LP: Covid has had a big impact for us. We live over 200 miles away from each other, and so we’ve been training solo for the past year. We’ve had one training session together back in May at RE:ACT HQ. This was our first milestone event, and thankfully training alone hasn’t held us back; we were able to flip 12.5km in 8 hours. It was a great way to set a benchmark to see how we were going with training.
We also started planning for the event at the beginning of the Covid pandemic and we had originally aimed to complete the challenge in April 2021. At this point Covid was fairly unknown and we didn’t know what the following year would look like. It was difficult to keep the momentum going when the finish line kept moving. When we set the final date for September 2021 we were able to reset our focus and push forward with our training.
HE: The beginning of wave 1 was particularly hard for me. My partner and son moved back to Essex to minimise the risk of spreading Covid whilst I was still working away a lot. I had four months on my own in Devon, separated from my family. But training for the tyre flip actually kept me going through this period. It gave me a challenge every day and a goal to focus on. It was something that I could control while there was a lot of uncertainty across the world.
Have you had to overcome setbacks during your training?
HE: Definitely! There’s been quite a few times where I’ve failed during a training session. But failing is all part of it. If training doesn’t go to plan the first time, then I take the time to evaluate what I need to do to improve. I give myself 5 minutes where I feel sorry for myself and during this time I’ll look at what I can do next time for a more positive outcome. Even if it doesn’t go to plan, you can always feel good about trying. You’ve gone out to challenge yourself.
LP: I think it’s all about having perspective and not seeing it as failure, but as part of the process. All of your training, whether it is good or bad, is just part of the course to reach the end goal. Sometimes you don’t achieve what you thought you would in a session and that’s okay. When you evaluate what happened, there is usually something leading up to the training session that wasn’t quite right. Was it the food I ate? How much sleep I had? Was I stressed from work? These are all factors that can hold you back in your training sessions. From looking back at what went wrong, you can change the direction for next time.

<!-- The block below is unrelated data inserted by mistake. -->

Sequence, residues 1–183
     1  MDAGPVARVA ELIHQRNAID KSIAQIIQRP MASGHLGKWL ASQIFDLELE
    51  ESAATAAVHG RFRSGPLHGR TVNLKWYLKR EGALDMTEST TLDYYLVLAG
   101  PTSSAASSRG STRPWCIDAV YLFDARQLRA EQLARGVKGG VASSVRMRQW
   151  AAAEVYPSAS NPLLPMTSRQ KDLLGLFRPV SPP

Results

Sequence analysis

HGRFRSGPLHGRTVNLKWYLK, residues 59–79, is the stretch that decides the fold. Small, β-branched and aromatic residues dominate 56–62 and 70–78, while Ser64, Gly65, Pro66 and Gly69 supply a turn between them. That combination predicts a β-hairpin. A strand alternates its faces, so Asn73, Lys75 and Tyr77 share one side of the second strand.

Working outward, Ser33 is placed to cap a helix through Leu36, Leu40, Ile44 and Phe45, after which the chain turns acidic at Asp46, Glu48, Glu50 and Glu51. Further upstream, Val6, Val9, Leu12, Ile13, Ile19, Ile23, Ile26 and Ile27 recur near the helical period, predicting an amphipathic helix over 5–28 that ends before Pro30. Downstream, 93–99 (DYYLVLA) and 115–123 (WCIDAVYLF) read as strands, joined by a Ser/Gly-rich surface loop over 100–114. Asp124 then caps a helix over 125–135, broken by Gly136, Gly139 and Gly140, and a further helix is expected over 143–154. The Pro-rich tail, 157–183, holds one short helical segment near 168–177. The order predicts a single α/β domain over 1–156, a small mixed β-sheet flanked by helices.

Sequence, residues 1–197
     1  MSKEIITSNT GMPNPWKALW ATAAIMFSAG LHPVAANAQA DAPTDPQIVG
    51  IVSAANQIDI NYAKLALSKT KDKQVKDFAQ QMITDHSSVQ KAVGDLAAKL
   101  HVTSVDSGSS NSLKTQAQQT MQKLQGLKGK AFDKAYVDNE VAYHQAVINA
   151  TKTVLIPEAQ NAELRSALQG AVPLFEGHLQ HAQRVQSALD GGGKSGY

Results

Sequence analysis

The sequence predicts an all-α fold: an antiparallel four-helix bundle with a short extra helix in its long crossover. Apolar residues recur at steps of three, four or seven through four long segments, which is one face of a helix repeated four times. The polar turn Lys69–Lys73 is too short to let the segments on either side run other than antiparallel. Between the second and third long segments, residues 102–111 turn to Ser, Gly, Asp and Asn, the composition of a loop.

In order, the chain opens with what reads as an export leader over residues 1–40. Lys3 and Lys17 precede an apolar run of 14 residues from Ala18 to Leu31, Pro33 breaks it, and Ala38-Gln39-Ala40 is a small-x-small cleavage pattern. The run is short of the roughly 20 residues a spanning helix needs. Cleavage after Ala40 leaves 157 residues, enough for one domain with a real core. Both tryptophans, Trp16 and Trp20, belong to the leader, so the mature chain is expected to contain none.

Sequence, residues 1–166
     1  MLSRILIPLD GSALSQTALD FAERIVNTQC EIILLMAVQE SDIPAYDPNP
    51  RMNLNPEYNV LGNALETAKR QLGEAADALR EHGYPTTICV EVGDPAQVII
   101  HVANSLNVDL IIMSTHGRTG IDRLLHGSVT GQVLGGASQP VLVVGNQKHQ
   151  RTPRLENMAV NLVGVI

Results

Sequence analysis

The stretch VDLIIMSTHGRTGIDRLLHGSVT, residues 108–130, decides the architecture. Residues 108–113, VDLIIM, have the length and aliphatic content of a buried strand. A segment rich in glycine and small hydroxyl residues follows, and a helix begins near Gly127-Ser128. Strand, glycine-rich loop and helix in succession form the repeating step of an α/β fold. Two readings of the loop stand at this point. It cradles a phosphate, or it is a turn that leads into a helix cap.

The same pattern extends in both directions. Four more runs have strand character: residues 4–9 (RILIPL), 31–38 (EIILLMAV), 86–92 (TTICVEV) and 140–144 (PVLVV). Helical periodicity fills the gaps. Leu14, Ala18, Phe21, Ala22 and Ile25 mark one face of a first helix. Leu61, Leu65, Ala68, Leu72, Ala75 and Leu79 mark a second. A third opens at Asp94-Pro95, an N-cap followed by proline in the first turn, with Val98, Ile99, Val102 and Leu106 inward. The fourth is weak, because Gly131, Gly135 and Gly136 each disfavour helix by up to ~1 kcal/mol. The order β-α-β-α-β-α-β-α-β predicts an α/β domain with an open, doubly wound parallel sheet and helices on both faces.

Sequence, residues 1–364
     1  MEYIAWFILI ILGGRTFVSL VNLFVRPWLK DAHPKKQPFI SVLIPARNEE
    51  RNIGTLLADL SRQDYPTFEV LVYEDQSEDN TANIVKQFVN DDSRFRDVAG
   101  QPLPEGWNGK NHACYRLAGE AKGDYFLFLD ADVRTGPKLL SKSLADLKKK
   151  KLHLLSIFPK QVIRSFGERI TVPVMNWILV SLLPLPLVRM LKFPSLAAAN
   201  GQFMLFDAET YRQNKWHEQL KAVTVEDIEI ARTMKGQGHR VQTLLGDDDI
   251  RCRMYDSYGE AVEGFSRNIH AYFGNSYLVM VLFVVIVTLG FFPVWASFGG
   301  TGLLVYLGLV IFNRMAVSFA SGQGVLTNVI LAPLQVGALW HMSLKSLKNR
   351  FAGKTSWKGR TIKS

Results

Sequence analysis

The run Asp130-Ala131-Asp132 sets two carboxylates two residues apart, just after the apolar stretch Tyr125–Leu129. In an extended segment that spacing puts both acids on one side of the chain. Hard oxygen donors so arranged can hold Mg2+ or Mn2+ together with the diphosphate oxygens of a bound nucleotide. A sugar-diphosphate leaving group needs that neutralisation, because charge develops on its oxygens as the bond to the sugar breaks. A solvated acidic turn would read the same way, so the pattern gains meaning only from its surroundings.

I think it’s all about having perspective and not seeing it as failure, but as part of the process.
And can you tell us why you’re fundraising for RE:ACT?
HE: I’d been involved in humanitarian work during my time in the military and it’s always been something that’s close to my heart. I also know different people who have volunteered for RE:ACT. Many of them have come out of the military and lost a bit of purpose. They may have a good job, but it doesn’t quite give them what they need. When you deploy with RE:ACT, you get that sense of purpose back. It helps you to readjust back into civilian life but also help with your mental health. You feel like you’re working towards something bigger than yourself.
LP: The fact that RE:ACT is a smaller charity means a lot to me. They do some incredible work both in the UK and overseas, but because of their size they often get overlooked. It is quite easy to pick one of the larger charities to support, but RE:ACT is doing great things and I want to make sure they get the attention and support they deserve.